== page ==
Wednesday, March 24, 2010

The Canal de Jouy

For a late walk this afternoon, Susie and I strolled south along the Moselle as far as Montigny-les-Metz. We returned on the towpath of the Canal de Jouy, which links the Moselle river with central Metz. It was constructed between 1866 and 1877 as part of the effort to make the Moselle navigable from Toul to the Rhine. The canal starts near the town of Jouy-aux-Arches, about ten kilometers from the center of Metz. Here's the very point where the canal begins in Jouy with water flowing in from the Moselle (in a picture taken later, on April 11).

Looking downstream from Montigny-les-Metz toward Metz, you can make out the city's main stadium, home to the the local professional soccer team, the Football Club de Metz.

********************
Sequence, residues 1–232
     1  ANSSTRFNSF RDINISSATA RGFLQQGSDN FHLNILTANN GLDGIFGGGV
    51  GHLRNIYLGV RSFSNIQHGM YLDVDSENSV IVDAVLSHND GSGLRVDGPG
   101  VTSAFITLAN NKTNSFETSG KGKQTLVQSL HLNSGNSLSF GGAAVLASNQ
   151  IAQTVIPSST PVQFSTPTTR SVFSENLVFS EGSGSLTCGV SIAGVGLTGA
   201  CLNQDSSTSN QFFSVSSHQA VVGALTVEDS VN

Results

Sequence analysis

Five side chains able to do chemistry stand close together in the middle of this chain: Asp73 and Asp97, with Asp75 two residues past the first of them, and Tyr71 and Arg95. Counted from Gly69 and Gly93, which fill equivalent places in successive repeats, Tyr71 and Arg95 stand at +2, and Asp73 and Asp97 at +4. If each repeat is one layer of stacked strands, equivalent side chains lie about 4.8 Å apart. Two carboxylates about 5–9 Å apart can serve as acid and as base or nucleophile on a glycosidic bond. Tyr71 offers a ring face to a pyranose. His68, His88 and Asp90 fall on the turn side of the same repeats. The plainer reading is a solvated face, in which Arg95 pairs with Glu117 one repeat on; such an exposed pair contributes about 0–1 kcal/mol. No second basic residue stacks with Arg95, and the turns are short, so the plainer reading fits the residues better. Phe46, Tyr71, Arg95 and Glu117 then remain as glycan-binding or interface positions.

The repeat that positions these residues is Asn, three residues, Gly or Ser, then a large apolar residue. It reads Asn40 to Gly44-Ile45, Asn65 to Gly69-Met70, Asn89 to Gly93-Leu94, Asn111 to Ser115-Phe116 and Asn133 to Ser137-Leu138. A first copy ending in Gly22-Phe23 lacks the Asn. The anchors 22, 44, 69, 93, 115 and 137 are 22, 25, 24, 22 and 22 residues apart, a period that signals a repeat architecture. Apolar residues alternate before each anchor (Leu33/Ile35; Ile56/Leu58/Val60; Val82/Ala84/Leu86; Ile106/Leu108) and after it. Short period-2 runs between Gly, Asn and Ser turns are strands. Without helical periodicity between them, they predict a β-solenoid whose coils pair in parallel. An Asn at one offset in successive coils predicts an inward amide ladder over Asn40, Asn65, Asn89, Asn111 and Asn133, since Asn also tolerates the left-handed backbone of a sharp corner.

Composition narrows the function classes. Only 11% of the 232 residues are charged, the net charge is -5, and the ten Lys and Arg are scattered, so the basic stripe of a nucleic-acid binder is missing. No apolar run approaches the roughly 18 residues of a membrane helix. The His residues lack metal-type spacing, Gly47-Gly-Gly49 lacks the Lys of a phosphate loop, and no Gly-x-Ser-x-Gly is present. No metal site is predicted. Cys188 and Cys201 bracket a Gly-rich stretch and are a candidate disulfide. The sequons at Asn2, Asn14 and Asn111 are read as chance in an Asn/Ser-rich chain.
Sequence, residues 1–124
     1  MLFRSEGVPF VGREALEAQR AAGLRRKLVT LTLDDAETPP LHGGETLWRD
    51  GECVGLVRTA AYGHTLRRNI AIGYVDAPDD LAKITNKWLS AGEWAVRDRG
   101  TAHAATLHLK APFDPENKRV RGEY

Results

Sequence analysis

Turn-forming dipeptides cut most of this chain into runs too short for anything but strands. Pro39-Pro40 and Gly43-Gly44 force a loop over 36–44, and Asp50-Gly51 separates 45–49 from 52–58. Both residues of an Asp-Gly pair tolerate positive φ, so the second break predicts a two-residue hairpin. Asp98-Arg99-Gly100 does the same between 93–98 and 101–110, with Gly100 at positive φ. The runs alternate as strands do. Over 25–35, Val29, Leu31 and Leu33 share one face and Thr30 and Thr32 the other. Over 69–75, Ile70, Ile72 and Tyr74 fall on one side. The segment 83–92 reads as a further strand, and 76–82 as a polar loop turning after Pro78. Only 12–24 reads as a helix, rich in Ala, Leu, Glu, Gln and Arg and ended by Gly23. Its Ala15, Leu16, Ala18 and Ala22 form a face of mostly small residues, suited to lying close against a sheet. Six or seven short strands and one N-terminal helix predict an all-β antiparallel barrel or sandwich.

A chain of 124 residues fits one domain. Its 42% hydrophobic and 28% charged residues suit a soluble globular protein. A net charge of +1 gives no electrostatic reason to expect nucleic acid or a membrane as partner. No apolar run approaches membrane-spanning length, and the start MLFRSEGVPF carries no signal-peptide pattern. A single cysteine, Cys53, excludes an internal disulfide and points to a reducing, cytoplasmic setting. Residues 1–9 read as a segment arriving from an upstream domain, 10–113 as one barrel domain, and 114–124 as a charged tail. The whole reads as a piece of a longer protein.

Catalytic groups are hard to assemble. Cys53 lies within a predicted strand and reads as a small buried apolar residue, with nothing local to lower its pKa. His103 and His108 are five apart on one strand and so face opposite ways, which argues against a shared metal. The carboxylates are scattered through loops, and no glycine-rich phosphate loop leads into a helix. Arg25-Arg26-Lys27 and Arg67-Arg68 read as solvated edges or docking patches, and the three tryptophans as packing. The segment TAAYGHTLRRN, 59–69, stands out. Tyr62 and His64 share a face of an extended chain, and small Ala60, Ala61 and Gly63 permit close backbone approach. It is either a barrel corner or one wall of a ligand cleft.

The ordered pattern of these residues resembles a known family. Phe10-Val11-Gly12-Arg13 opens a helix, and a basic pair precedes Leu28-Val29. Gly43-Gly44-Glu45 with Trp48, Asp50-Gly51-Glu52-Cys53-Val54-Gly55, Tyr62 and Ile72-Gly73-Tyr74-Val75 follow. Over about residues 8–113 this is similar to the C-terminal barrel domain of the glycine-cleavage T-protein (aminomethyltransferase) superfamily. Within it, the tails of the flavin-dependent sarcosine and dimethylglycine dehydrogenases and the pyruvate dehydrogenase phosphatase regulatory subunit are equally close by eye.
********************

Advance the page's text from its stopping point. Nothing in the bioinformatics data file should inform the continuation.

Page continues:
The canal and its banks are home to a lot of wildlife. We saw geese, ducks, swans and other waterfowl, including this heron. A man fishing downstream of the heron was catching fish after fish, with bits of bread as bait. He'd throw the line in the water, wait maybe 30 seconds, and a fish would bite. This happened four times in a row as we watched in amazement.

A number of picturesque barges have found moorings on one side of the canal as it passes by the headquarters of the Football Club de Metz. As the "Chambres d'Hôtes" sign indicates, the blue barge offers bed-and-breakfast accommodations.

As the canal nears the center of Metz, the landscape becomes more formal and the canal's banks become part of the complex of parks along the Moselle. We ended our walk by following paths that past a church garden to the Place de la Republic.

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